Fans unfazed by expensive shows
By David Lieberman
By David Lieberman
NEW YORK — Looks like concertgoers aren't so intimidated by high ticket prices after all.
With splashy tours from Madonna, the Rolling Stones and Billy Joel as lures, fans paid an average price of $58.11 per seat in the first half of 2006, up 15.6 percent from the first half of 2005, according to concert trade magazine Pollstar.
Total ticket sales rose 20 percent to 17.4 million.
Pollstar pegs total sales at more than $1 billion, up 38.5 percent, while the Billboard Box Score tallied sales at $990 million, up 24.6 percent. Either way, first-half revenue broke records.
"These are very positive numbers driven by some big tours," says Ray Waddell, who tracks the concert business for Billboard.
Other top attractions this year include Tim McGraw and Faith Hill, Cirque du Soleil's show Delirium, Celine Dion, Bon Jovi and Kenny Chesney.
Comedy acts also did surprisingly well. The top 100 tours included Larry the Cable Guy, Jerry Seinfeld, Tim Conway and Harvey Korman, and the Blue Collar Comedy Tour, which includes Jeff Foxworthy, Bill Engvall and Ron White.
The top new rock act was Fall Out Boy.
Executives are relieved by the strong showing. It partly accounts for the 93 percent rise in the stock price for the only publicly traded concert company, industry leader Live Nation, since it was spun off by Clear Channel last December.
The robust market is a bit of a surprise. Last summer, many said that high ticket prices accounted for a drop in the number of tickets sold in the first half of 2005.
But this year, "the really huge acts haven't seen that much price resistance," says Gary Bongiovanni, editor in chief of Pollstar.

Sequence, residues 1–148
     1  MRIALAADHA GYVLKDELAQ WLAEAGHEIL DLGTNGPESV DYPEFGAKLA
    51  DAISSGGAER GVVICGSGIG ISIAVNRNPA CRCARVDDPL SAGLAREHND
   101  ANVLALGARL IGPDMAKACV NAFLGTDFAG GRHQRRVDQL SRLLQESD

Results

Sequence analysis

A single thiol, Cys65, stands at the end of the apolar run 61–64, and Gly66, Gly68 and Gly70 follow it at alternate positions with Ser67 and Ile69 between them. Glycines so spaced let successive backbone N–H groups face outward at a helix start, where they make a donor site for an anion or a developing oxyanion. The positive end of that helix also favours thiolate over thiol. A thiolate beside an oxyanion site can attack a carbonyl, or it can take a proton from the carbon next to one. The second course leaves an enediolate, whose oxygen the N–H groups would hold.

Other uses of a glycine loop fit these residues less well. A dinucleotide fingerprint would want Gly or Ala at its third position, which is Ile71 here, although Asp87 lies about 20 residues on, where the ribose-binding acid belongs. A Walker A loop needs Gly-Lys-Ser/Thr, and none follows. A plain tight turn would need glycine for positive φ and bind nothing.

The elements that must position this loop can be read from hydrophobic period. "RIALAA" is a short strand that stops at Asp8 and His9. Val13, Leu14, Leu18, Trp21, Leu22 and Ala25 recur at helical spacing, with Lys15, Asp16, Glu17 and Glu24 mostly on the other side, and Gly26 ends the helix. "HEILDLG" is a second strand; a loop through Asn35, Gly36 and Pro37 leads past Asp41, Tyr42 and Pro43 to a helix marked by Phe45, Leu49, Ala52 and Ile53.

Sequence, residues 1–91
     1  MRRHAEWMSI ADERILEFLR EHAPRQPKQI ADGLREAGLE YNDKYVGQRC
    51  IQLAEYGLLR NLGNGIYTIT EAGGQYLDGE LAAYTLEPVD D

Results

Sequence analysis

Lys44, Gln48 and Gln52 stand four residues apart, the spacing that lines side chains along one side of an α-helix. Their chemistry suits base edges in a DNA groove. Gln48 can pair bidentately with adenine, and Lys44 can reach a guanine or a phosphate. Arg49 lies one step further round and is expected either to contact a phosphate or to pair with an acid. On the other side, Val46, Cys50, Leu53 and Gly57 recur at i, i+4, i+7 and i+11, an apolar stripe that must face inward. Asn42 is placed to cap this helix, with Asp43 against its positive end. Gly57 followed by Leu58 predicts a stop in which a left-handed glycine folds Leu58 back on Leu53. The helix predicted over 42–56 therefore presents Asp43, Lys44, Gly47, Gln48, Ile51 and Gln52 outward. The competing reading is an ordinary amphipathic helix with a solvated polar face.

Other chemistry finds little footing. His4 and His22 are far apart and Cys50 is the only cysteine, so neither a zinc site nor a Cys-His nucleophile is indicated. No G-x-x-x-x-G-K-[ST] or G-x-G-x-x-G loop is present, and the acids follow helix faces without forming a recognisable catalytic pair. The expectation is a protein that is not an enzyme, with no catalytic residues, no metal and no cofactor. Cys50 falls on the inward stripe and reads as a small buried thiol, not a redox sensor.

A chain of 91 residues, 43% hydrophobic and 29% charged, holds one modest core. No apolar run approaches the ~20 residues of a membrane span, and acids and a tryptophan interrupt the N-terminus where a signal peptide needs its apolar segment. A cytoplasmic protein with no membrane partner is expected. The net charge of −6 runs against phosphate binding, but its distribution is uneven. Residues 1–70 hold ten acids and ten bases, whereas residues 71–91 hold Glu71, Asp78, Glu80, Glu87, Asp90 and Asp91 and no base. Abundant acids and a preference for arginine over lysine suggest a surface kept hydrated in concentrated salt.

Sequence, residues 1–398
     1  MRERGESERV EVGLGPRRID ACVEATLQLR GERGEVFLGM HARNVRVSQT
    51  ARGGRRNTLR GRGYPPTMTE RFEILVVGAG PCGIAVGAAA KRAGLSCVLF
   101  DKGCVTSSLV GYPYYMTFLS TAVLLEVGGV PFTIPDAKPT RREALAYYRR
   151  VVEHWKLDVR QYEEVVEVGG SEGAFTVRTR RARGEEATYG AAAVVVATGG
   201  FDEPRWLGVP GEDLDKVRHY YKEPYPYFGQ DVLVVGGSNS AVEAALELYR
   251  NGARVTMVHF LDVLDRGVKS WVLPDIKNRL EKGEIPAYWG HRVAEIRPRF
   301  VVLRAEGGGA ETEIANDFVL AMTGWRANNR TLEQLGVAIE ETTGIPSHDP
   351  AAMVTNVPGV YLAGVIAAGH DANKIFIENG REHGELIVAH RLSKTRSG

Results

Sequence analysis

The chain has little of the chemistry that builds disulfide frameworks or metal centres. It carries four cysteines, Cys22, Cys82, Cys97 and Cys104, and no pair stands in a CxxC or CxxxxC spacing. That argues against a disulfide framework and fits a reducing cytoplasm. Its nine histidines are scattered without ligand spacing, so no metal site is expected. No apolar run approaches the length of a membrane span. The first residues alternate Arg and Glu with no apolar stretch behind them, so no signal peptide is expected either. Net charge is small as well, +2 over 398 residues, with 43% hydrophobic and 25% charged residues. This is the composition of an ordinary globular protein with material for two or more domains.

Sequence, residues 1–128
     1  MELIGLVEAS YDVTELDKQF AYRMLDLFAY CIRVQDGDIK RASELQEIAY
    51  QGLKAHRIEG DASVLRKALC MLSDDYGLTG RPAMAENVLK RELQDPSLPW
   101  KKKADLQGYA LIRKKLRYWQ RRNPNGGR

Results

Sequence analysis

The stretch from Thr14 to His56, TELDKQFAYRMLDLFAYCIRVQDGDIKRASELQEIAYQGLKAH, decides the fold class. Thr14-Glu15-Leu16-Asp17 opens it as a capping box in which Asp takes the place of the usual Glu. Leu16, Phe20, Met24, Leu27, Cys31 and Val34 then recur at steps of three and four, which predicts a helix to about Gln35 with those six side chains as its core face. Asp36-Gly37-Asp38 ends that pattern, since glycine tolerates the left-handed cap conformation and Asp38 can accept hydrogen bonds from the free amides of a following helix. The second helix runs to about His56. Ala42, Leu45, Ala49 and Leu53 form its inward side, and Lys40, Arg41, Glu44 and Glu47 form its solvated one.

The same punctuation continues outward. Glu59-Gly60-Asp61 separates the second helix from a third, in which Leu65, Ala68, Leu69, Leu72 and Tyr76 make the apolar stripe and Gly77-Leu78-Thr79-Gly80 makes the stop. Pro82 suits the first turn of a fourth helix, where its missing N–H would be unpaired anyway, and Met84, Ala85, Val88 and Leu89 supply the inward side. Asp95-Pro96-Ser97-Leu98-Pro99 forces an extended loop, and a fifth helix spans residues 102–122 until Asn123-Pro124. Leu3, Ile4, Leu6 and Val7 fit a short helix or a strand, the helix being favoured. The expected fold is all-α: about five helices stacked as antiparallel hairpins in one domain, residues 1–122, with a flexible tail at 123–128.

Fans paid as much as $350 to see Madonna (not including third-party sales), with the average ticket going for $186. A typical Stones seat cost $170. By contrast, the average ticket last year for U2 — the biggest draw at this point in the 2005 season — cost $97. U2 is set to perform with Pearl Jam at Aloha Stadium on Dec. 9; tickets sold for between $49.50 and $165.
Bongiovanni adds, though, that "we're pushing the upper limit. We can't keep going the way we are now."
Maybe a little while longer, though. Tickets to see Barbra Streisand this fall go as high as $750 — more for VIP packages.
While growth in the second half will level a bit, "I don't expect it to drop below double digits," says Waddell, who cites major attractions still to come, including The Who, the Red Hot Chili Peppers and Eric Clapton.
That forecast could change, though, if people cut back as gas prices rise.
Meanwhile, the long-term outlook for the business rests on factors beyond economics.
"We need to create more superstars," Waddell says. "Simple biology tells you that some of these acts won't be around 10 years from now."